Robert Foreman (Bobby) Fussell (1938–2018)
Robert Foreman (Bobby) Fussell had a long career as a lawyer championing the legal rights of disabled veterans and the deaf, prosecuting prominent state political figures, and presiding over federal bankruptcy courts. He was a U.S. bankruptcy judge for twenty years, most of them as the chief bankruptcy judge of the Arkansas courts.
Bobby Fussell was born on January 1, 1938, at Forrest City (St. Francis County), one of three sons of James V. Fussell Jr. and Dorothy Hall Fussell. His father ran a cotton gin and a service station. Fussell got a degree in business in 1959 and a law degree in 1965 from the University of Arkansas (UA) in Fayetteville (Washington County). He then became a U.S. Army officer for two years and an attorney for the National Labor Relations Board in Kansas for two years before opening a private practice in Little Rock (Pulaski County), specializing in labor relations.
His earliest commitment was to spend forty percent of his time giving free representation to disabled veterans and the deaf, who were in need of a lot of assistance when they found themselves in legal difficulties. He went to night school for nine weeks to learn sign language so that he could communicate with deaf clients. When he learned that insurance companies put deaf people in a high-risk pool for automobile insurance, which made policies too expensive for them, he prepared a lawsuit against the companies, contending that there was no evidence that people with hearing problems were more prone to accidents and that the policy violated the equal-protection and due-process rights of the hearing impaired. The companies settled by dropping the discriminatory policy and agreeing to use actuarial data to determine the premiums.
While representing a deaf woman in the U.S. District Court, Fussell had a sign-language interpreter in court to help him gather facts from his client. He lost an appeal because the court reporter, who did not understand sign language, failed to incorporate all of Fussell’s facts into the transcript of the proceedings. As a result, he was left without facts in the record to support his appeal. In response to this, he wrote a bill requiring judges in all lawsuits involving deaf citizens to appoint a competent court reporter who understood sign language and the signs for legal terms. The Arkansas General Assembly enacted the statute in 1979, and it was subsequently adopted by all the states. The Arkansas Bar Association in 1981 gave Fussell an award for improving legal services for the deaf.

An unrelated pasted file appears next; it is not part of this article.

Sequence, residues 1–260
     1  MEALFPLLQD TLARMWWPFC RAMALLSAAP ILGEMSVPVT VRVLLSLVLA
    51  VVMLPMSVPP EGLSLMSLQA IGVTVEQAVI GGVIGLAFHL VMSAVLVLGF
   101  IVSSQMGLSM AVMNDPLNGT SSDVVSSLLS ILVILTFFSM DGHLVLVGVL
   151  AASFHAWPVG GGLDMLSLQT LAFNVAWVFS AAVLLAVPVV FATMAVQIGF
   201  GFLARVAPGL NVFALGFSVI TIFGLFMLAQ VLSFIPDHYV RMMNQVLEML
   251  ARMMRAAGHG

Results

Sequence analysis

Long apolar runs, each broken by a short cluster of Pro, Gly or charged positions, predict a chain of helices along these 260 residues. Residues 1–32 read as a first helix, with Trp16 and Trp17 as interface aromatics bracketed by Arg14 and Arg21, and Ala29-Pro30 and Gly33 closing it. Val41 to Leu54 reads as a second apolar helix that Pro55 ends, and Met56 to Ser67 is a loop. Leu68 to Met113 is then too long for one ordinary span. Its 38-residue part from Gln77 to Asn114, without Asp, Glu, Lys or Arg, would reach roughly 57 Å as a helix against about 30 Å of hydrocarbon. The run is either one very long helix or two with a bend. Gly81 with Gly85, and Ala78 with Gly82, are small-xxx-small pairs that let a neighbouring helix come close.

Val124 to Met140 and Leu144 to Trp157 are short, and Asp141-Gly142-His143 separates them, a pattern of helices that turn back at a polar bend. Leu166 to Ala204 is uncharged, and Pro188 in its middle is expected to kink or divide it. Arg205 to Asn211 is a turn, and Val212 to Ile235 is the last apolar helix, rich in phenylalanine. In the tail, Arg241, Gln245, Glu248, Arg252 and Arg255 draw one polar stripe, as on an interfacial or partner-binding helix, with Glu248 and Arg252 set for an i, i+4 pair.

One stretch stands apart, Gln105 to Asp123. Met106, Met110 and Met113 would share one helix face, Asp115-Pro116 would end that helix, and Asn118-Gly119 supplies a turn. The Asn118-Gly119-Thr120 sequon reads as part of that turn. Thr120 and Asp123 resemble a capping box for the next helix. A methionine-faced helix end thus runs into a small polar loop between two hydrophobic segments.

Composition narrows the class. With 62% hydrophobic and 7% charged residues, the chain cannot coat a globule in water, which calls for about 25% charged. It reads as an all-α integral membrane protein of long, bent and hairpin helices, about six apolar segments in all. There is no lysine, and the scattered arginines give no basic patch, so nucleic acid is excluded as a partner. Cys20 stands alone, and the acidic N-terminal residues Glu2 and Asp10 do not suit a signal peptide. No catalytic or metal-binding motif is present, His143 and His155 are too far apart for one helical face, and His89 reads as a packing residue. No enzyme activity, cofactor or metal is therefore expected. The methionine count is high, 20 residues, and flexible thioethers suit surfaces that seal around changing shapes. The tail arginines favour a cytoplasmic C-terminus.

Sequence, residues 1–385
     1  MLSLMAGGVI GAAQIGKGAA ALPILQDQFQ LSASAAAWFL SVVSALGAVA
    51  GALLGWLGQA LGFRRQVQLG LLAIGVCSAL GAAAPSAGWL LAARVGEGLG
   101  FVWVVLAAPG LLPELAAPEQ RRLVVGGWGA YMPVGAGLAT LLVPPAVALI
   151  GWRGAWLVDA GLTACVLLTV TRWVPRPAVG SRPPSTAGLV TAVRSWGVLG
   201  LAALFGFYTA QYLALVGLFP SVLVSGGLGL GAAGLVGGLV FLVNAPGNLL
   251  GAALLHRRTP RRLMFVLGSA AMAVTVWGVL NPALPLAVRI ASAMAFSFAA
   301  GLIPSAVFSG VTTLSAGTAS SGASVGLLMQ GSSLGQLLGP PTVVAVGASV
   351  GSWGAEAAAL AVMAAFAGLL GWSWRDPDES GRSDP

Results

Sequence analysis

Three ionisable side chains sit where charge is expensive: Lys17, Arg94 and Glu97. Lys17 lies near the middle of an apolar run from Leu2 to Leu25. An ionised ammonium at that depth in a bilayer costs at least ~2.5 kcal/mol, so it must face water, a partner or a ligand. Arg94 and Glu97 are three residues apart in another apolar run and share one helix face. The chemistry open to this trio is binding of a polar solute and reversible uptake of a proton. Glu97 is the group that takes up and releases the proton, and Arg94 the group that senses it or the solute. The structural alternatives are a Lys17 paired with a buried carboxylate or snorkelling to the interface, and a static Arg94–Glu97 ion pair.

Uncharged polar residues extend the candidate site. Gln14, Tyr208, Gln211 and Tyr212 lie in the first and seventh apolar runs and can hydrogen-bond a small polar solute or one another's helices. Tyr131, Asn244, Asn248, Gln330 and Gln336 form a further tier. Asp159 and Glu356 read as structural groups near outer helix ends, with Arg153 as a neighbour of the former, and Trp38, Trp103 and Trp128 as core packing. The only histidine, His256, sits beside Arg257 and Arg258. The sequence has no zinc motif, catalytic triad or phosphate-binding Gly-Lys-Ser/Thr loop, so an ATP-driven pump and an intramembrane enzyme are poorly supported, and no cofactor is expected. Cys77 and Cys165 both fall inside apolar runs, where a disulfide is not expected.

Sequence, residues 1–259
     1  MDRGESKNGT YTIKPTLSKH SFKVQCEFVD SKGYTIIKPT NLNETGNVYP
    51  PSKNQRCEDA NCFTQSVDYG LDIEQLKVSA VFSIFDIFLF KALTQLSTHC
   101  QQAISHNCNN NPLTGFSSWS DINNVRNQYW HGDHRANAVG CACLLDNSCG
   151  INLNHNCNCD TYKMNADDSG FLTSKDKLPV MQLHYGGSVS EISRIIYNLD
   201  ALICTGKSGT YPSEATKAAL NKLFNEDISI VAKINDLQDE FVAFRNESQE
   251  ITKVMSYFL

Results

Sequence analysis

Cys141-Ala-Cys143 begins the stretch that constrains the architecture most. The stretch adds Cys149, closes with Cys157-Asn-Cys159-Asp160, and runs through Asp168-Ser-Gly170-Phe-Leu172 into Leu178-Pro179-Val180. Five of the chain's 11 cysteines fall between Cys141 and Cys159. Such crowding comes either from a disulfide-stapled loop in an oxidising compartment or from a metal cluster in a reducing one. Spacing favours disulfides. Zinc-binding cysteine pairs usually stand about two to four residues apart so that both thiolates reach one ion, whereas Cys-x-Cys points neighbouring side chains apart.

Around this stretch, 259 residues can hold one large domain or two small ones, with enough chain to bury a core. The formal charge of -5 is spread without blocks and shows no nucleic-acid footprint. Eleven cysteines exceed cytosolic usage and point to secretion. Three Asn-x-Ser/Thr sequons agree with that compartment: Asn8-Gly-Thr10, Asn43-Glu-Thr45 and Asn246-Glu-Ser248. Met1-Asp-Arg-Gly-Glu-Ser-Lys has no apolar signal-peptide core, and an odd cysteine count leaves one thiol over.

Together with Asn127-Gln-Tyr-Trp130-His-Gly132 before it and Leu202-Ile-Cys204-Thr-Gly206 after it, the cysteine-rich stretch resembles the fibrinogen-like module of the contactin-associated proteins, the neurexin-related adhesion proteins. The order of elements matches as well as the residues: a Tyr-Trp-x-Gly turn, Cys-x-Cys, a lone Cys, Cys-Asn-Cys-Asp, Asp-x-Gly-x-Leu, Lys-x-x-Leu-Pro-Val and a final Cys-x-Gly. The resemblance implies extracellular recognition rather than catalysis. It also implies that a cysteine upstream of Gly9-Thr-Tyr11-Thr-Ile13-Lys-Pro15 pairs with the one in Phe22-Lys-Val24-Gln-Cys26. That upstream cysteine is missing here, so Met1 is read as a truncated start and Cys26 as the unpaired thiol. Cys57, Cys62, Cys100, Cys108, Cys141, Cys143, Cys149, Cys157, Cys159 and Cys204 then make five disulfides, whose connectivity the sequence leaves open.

In 1968, Fussell became an assistant U.S. attorney for the Eastern District of Arkansas, where he specialized in prosecuting white-collar crimes. He convicted two prominent state senators: Guy H. “Mutt” Jones of Conway (Faulkner County) and Q. Byrum Hurst of Hot Springs (Garland County). Jones was convicted of income-tax evasion.
Hurst, who had been president pro tempore of the Senate, was convicted of making false statements and misusing bank funds in a scheme to take control of banks. Hurst and his attorney proved to be formidable for Fussell. Hurst was first acquitted on tax-evasion charges, but Fussell then had him indicted on bank-fraud charges, first in Arkansas. When Hurst’s lawyer goaded Fussell, saying that he could never convict Hurst in Garland County, Fussell learned that Hurst was using the same scheme to gain control of banks in Missouri. He had himself appointed a special U.S. attorney in Missouri and got a grand-jury indictment of Hurst in Kansas City. Hurst pled guilty there, and Fussell had the Arkansas charges dismissed.